Niall Quinn is a passionate man, as events over the past week have shown.
Salut! Sunderland remains surprised by his use of the D word – despise – to describe how he felt about fans who stay away from the Stadium of Light to watch illegal live broadcasts in the pub. But it is no surprise at all that he has presented his case in emotional terms – see our original item here – to the extent of saying his own future commitment to the club may be at stake.
The debate attracted some superb responses here last week, and enabled us to find a good use for a couple of complimentary tickets that had come our way (for a spot of do-goodery, though that is all we can say about it).
For those who missed the posting on Saturday, the tickets went to Alan Hedley, Seaburn-born, much-travelled and lifelong supporter. His comment was judged – by M Salut, who had no time to consult anyone else – the best received since the tickets went up for grabs.
It was reproduced at this link but, to save you having to look back, read:
“Niall is a believer, he has shown commitment and durability in lifting our club from the depths of ignominy to a respectable position, thus far, in a season where, once again, we have been beset by injury. He has, through his contacts, engineered the initial bail out and then a more stable and committed angel to support the club’s resurgence. In addition he has finally attracted a manager who is making a half decent fist of the job, for the first time, since that endearing reprobate Peter Reid who gave us back a taste for greater things and then lost his way without adequate backing from the then board.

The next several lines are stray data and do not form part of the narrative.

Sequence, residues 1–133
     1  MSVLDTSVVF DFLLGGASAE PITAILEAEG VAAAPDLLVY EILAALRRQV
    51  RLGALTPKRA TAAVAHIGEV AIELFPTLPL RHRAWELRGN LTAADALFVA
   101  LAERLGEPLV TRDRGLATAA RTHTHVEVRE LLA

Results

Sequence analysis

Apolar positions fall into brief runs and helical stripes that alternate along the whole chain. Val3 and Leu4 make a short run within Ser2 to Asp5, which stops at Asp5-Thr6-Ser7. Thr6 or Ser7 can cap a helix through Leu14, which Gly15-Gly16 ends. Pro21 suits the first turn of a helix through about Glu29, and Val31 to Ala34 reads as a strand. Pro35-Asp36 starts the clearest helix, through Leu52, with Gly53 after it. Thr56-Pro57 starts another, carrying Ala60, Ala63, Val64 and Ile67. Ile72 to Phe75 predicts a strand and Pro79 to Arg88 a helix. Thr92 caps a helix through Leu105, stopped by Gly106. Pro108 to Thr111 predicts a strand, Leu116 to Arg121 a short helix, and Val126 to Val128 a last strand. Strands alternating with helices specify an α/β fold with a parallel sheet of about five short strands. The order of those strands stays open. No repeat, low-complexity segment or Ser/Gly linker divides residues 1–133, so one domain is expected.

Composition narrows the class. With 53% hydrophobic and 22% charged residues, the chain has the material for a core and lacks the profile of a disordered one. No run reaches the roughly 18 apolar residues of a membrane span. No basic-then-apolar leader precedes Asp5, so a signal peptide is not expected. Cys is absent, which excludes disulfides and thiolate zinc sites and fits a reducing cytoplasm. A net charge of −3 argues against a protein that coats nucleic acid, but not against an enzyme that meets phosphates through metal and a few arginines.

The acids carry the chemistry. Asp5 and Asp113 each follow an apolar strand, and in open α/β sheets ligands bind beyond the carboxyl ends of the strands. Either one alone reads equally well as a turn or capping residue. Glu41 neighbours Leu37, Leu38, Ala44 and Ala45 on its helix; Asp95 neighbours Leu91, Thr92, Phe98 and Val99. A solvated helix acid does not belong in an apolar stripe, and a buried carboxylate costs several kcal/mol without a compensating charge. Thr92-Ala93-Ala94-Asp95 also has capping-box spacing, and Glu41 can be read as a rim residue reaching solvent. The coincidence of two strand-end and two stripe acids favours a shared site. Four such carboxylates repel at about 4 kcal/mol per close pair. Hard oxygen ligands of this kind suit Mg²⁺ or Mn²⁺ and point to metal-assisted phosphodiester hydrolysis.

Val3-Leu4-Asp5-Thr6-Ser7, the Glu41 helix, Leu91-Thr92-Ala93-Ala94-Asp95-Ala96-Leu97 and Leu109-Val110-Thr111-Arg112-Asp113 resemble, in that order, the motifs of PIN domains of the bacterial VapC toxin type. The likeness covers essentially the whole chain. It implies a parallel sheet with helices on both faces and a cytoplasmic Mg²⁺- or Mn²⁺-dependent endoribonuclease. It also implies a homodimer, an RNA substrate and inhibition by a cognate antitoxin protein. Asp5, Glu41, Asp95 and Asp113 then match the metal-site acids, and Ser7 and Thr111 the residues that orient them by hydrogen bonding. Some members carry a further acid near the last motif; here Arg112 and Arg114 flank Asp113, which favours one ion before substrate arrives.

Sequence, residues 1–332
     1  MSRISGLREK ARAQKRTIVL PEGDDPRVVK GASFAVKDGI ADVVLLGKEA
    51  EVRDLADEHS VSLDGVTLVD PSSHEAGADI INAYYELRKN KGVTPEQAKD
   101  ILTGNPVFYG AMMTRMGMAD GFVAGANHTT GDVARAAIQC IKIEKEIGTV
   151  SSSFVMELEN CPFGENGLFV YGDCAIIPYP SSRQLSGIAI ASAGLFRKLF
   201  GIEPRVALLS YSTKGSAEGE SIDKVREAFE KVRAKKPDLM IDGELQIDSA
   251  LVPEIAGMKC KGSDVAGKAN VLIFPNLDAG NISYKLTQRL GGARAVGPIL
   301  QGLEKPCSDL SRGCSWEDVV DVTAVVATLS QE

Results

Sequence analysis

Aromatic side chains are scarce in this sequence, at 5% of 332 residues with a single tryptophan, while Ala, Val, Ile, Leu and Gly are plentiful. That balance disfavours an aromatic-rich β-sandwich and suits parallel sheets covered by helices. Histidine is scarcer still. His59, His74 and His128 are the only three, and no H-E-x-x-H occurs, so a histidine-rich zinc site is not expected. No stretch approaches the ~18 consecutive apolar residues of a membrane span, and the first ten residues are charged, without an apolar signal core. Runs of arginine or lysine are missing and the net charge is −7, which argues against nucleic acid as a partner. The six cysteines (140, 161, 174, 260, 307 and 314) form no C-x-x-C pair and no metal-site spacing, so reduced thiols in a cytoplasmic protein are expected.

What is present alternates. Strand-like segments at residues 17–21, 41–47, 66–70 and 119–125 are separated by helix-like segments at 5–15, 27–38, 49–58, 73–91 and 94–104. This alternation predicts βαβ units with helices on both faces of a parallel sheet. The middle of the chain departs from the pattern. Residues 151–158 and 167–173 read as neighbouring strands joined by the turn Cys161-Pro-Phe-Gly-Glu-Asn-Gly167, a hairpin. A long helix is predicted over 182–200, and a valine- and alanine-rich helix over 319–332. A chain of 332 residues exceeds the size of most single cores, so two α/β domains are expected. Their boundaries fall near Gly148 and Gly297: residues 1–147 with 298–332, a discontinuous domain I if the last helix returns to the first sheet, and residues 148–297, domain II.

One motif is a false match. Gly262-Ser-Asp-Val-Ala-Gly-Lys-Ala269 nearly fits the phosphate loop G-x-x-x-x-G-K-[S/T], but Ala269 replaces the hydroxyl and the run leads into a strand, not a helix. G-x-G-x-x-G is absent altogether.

All the soundly based arguments, both for and against, are of little relevance, for one reason alone and that is that Niall is Irish. A wild and joy filled race who love to party, drink, fight, argue or if your prefer it debate but most of all chatter with a relish often saying whatever comes into their mind at a given moment in time.
For many in the Isle of Green tact is not a long suit and of all the people who sit in a seat of power few can have been relied upon more than Quinny to speak out, when discretion would require that he maintain, in public, a discreet silence. Time and again he has discussed the spending power available to the club, when any negotiator would know that the last thing you want to do is let the vendor know how much you can spend.
The faux pas de Quinn is a fundamental part of his nature and is as much a part of his character as breathing. The saying love me, love my dog, is the only way any serious Sunderland supporter can view our hero because, like it or not, he will not change, indeed if he did he would not be the person so many of us respect, warts and all. No matter what any of us say, or think, we will not change Niall Quinn, he is his own man and by now there should be little doubt that whatever his areas of weakness may or may not be, his heart is in the right place.”
I suspect Niall would rather like that, too. He’d certainly like the fact that although Alan’s tickets, for self and wife Sue (first picture; the others are just random images from the day), were free, the Hedleys had to drive all the way from Warwickshire – not Oxfordshire as previously stated (his phone number has a Banbury, Oxon code) – to be at the stadium to use them.